Analysis of x-ray images and spectra.
thesisposted on 19.11.2015, 09:18 by R. Willingale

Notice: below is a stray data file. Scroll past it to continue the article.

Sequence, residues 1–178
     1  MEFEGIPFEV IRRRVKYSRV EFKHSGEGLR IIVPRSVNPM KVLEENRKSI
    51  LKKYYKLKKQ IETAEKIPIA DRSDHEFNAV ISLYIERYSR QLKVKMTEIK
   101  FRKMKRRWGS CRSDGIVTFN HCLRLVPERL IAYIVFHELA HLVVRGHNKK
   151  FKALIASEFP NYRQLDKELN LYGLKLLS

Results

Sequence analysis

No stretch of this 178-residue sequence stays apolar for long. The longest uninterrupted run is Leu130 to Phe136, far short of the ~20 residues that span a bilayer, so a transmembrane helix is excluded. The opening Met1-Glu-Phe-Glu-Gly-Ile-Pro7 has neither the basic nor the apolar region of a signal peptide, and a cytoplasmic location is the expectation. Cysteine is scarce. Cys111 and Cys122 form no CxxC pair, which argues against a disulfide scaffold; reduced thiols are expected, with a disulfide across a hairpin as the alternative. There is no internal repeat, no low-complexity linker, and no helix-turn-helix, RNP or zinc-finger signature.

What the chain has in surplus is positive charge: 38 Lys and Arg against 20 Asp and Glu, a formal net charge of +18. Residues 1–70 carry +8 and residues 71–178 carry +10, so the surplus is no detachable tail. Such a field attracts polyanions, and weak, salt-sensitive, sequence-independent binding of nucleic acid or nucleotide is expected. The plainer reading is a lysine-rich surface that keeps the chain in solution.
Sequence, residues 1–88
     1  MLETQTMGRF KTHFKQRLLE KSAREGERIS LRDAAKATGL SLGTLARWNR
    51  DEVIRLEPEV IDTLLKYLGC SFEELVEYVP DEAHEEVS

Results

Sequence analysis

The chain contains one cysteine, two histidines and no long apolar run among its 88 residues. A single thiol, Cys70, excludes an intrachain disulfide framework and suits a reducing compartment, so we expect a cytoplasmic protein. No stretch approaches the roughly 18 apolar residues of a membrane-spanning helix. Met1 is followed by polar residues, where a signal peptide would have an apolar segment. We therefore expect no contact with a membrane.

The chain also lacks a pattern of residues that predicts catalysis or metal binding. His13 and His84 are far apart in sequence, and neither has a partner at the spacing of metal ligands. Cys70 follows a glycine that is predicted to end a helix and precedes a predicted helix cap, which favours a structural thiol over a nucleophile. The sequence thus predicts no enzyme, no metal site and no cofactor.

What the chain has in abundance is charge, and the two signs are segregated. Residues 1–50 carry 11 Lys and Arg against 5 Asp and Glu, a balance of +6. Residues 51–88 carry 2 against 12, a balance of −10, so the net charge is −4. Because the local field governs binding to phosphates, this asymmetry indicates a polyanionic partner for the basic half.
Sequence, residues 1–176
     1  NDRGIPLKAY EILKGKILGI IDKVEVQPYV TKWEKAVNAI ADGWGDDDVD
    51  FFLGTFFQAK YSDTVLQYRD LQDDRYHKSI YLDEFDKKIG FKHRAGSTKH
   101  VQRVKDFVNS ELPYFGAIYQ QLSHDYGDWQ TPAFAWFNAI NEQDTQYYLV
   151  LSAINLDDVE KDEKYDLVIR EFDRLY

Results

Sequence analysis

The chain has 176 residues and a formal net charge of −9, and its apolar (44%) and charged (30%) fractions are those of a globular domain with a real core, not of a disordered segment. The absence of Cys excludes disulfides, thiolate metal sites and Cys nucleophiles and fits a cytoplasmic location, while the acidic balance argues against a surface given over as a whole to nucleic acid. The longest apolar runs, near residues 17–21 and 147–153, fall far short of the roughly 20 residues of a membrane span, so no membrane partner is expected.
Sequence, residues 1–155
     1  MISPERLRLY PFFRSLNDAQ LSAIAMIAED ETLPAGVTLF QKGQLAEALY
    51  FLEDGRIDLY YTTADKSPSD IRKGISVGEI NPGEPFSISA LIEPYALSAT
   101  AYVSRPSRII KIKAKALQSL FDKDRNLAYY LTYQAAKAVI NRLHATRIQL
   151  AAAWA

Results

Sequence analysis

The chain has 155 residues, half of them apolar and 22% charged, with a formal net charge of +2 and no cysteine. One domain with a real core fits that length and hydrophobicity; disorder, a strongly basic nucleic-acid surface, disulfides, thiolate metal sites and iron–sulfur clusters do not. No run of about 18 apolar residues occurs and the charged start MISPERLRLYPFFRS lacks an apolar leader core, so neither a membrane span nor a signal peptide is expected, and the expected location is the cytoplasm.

Four research projects are reported. They are all concerned with X-ray data analysis techniques and although each project is different there is a common theme which links all four. Part I considers the use of grazing incidence optics to produce two dimensional X-ray pictures with the emphasis on the data analysis and presentation. The mathematical development within this project forms a foundation for the subsequent reports. The research concentrates on viable methods of cleaning up blurred and noisy X-ray images using Fourier filtering and the Maximum Entropy Method including a practical implementation of the theory using digital computers. The major product of this project was a software package for the processing of large matrices and this is documented in Appendix I. This package was used to process astronomical X-ray data from a sounding rocket flight to yield a soft X-ray image of the Cygnus Loop supernova remnant and these results are presented to allow comparison of the analysis techniques developed. The second project presented in Part II applies the deconvolution theory developed in Part I to the problem of decoding data from coded mask telescopes. The design of such devices is described and computer simulations of X-ray burst monitors are reported with analysis and comment to give a realistic estimate of the expected performance of proposed instruments and to compare the different methods of analysis available. Part III reports a small project in which the possibility of analysing anode pulse height data from proportional counters using the Maximum Entropy Method was investigated. A computer program was written to both simulate and analyse real data. The algorithm was used to analyse pulse height spectra from the Cygnus Loop observations. The final project, concerned with the calibration of crystal spectrometers, was somewhat different from the other three and is presented in Part IV. The mathematical description of crystal spectrometers is shown to be very similar to that used for imaging devices but instead of studying data analysis methods which require an accurate description of the instrument response, the more fundamental problem of characterising and calibrating the response is addressed. Both theoretical and practical methods for finding crystal reflection parameters are discussed and then applied to three crystals; Langmuir- Blodgett lead stearate multilayers, gypsum 020 and beryl 1010. Sophisticated theoretical calculations using an atomic model developed by other workers were used to predict the crystal response. Direct measurements of the response at a set of wavelengths through each crystal's range were made using a two crystal X-ray spectrometer. The combination of theory and measurement provide a nearly complete description of current pseudo lead stearate crystal production while the excellent agreement between theory and measurement for both gypsum and beryl demonstrates the power of both the theoretical and practical techniques employed. The results from all three crystal types provide excellent calibration data for use in subsequent spectral analysis using these crystals as Bragg Analysers. Measurement of the response across the sulphur k and aluminium k edges in gypsum and beryl respectively also provided direct experimental evidence of k electron resonance in these two atomic types.